(Today’s post by Wayne Bunting)
2 Chronicles 5-6
2 Chronicles continues the historical account of Israel’s history by continuing where 1 Chronicles left off. 1 Chronicles ended with the inauguration of Solomon, David’s son, as king, and the death of King David. God blesses Solomon immensely, giving him wealth and (most famously) wisdom. Verse 1:15 says that Solomon “made silver and gold as common in Jerusalem as stone.” One of the most notable things that Solomon is known for is building the first Jewish temple. The vast wealth that the Lord had given Solomon (and therefore Israel) allowed him to furnish the temple with incredible detail and adornment. All of this is the fulfillment of the promise that the Lord made to David in 1 Chronicles 28:6 that the temple that David longed for would be built by Solomon.
In chapter 5 we see that after the temple is built in Jerusalem Solomon brings the Ark of the Covenant into the temple and places it “in the inner sanctuary of the house, in the Most Holy Place.” The Ark was placed in the Holy of Holies; the innermost part of the temple where God’s presence resided, and the place where the priest would enter once a year to commune with God and ask for the forgiveness of Israel’s sins. And what happened next was incredible. The musicians began playing music and worshipping the Lord. Verse 13-14 says that “when the song was raised, with trumpets and cymbals and other musical instruments, in praise to the Lord, ‘For he is good, for his steadfast love endures forever’ the house, the house of the Lord, was filled with a cloud, so that the priests could not stand to minister because of the cloud, for the glory of the Lord filled the house of God.” Notice that in 2 Chronicles 5 the cloud of the Lord’s presence did not descend on the temple until the people began worshipping Him. Likewise, in our worship of God today in the church the Lord shows up when we begin worshipping Him.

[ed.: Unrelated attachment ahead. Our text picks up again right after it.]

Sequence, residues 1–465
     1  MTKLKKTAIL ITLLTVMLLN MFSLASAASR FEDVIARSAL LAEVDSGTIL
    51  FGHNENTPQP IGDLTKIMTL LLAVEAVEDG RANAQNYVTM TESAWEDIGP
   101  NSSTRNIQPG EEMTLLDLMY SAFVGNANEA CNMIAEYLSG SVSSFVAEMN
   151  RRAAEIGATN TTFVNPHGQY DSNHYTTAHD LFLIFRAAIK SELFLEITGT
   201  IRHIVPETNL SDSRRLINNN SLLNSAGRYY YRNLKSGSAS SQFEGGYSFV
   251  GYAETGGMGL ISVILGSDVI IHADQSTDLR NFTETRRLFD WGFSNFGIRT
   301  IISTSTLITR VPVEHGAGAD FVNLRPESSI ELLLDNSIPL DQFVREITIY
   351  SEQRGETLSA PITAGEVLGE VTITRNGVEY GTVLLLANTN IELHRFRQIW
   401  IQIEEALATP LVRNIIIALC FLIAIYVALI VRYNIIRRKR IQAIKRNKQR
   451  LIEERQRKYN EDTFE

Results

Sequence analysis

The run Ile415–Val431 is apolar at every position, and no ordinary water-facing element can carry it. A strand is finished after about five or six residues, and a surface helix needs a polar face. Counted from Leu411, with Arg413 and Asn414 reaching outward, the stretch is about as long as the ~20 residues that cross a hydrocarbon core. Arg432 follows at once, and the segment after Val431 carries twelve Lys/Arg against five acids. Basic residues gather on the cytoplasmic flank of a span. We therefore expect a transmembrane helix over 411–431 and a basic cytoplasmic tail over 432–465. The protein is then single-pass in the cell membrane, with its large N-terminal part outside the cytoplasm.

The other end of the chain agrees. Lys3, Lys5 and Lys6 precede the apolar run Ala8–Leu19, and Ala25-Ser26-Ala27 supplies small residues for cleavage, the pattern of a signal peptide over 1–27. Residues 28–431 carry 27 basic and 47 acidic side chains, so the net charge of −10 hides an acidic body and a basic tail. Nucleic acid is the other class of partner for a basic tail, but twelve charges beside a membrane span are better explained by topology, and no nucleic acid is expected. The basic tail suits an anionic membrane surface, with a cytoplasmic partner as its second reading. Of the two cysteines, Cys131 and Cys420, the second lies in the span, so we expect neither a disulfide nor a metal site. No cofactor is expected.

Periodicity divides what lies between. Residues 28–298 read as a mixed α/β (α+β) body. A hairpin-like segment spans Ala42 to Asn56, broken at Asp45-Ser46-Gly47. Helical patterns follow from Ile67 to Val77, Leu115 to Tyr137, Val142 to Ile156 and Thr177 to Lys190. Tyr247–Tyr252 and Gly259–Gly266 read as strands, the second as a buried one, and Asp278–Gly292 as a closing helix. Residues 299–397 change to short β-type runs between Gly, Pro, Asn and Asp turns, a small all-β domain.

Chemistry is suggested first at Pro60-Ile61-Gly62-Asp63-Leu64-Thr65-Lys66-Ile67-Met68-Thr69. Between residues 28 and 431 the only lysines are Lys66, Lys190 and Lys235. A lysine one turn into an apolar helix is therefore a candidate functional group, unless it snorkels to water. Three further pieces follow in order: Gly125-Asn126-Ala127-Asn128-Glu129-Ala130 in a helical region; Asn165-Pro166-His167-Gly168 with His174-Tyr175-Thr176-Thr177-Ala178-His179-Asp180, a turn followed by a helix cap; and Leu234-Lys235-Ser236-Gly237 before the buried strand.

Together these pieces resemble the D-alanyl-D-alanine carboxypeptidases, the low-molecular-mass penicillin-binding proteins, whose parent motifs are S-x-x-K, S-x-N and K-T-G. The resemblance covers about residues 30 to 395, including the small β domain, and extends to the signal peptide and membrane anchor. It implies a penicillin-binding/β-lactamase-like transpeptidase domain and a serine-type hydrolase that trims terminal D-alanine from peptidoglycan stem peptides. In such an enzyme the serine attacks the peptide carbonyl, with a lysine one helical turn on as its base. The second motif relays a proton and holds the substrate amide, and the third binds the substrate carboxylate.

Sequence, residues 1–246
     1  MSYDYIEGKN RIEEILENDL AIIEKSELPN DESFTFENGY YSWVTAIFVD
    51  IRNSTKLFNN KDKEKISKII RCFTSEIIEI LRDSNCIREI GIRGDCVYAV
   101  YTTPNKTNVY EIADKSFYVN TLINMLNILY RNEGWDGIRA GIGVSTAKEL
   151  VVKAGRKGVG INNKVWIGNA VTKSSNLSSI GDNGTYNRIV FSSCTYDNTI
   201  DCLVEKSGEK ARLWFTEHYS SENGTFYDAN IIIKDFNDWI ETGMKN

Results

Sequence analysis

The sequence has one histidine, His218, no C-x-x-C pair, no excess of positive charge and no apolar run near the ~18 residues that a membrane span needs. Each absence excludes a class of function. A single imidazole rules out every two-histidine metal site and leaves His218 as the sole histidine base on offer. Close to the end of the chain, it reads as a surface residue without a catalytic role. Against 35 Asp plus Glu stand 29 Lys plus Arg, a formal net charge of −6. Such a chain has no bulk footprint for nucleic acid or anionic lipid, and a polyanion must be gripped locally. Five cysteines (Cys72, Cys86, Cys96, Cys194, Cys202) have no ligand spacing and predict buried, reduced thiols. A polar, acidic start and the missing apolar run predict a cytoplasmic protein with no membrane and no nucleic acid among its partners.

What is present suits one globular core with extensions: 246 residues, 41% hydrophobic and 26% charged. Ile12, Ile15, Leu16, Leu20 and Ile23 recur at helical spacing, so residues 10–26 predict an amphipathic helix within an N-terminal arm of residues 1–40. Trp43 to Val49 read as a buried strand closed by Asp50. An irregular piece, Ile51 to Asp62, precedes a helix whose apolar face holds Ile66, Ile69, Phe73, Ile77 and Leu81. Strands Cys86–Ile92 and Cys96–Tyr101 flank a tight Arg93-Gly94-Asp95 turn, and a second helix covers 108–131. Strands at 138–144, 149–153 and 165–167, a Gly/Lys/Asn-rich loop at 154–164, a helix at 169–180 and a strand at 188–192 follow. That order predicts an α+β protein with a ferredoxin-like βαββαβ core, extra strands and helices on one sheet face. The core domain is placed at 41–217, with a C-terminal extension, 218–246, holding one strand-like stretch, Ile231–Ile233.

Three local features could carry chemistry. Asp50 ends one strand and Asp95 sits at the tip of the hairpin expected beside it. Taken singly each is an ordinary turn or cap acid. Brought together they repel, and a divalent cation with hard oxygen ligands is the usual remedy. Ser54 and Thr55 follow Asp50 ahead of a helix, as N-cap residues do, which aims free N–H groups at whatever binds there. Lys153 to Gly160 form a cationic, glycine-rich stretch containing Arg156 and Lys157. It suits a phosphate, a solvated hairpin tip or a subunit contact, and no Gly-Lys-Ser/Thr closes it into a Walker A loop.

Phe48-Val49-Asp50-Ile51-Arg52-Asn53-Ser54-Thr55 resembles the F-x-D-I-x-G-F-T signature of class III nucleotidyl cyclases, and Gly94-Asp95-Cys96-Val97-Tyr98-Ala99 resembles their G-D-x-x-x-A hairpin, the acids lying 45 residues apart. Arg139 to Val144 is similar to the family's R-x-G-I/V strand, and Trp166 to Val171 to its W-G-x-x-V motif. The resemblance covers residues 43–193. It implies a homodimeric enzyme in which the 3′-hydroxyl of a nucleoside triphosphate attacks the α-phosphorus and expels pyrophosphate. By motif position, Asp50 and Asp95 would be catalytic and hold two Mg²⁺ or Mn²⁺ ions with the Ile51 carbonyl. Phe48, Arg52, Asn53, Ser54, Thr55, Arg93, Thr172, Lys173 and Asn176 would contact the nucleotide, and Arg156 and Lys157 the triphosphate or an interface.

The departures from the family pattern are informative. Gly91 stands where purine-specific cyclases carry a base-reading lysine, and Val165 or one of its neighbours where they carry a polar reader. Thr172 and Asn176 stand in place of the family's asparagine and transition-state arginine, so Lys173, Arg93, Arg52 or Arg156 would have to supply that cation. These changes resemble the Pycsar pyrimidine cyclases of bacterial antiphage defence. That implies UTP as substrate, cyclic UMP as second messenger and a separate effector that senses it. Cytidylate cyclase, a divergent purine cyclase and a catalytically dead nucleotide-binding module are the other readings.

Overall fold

In the same way that the Lord showed up on the tabernacle when the Jews were in the wilderness, so did He show up on the temple in Jerusalem. The cloud represents the divine presence of the Lord. Just as God’s presence was with the Jews as they wandered in the wilderness, so is He with the Jews as an established nation. In the history of Israel before this event the cloud, God’s presence, showed Israel that He was with them. It guided them in the wilderness (Exodus 13:22), came down on Mount Sinai (Exodus 19:9), and is again seen in the same way here.
We have this same presence living in us through the death and resurrection of Jesus. The Holy Spirit was promised to dwell in those who are born again. We have this divine presence represented in the cloud here in Chronicles 5 living in us. Jesus promised us that the “helper,” the Holy Spirit would come (Luke 24:49) and give boldness and power to the church. We see this happen at Pentecost (Acts 2) where the Holy Spirit comes down in fire and enlivens the church. In the Old Testament whenever the Lord finds a sacrifice acceptable there is fire. In the New Testament the acceptable sacrifice of Jesus led to the fire of the Holy Spirit coming down on the Apostles. The Holy Spirit is the driving force of the church. Without it the church is not the church. In Acts we see that the Holy Spirit gives boldness and wisdom to the disciples who previously seemed to have none of either of those qualities. Notice that they are referred to as the Apostles in Acts because they are living out the authority that the Holy Spirit has instilled in them.
The presence of the Lord has been given to us, the church, in order to carry out our role as the church. The last words that Jesus spoke before He went back up to Heaven was to “Go therefore and make disciples of all nations, baptizing them in the name of the Father and of the Son and of the Holy Spirit, teaching them to observe all that I have commanded you. And behold, I am with you always, to the end of the age.” The Holy Spirit was given to us to carry out that commandment. In addition to this, it is our role to walk in the gifts of the spirit, building up the church and showing the world the power and truth of God. We should not shy away from this presence that lives in us, and instead seek to foster the gifts that He has given us, and become more in tune to the presence of the Lord that is within all of us who are born again. Doing so will allow us to do what we are born again to do: to bring the kingdom of God onto the earth, cause the darkness to flee, and allow God to use us in bringing freedom to those who are oppressed.
So let’s seek to welcome this Holy presence into our lives, into our worship, into all that we do in church, and into every aspect of our lives. Let’s not quench the Spirit and instead open our hearts fully to it, listening to His leading. Without the Holy Spirit we are denying the identifying marker of those who belong to Christ (Romans 8).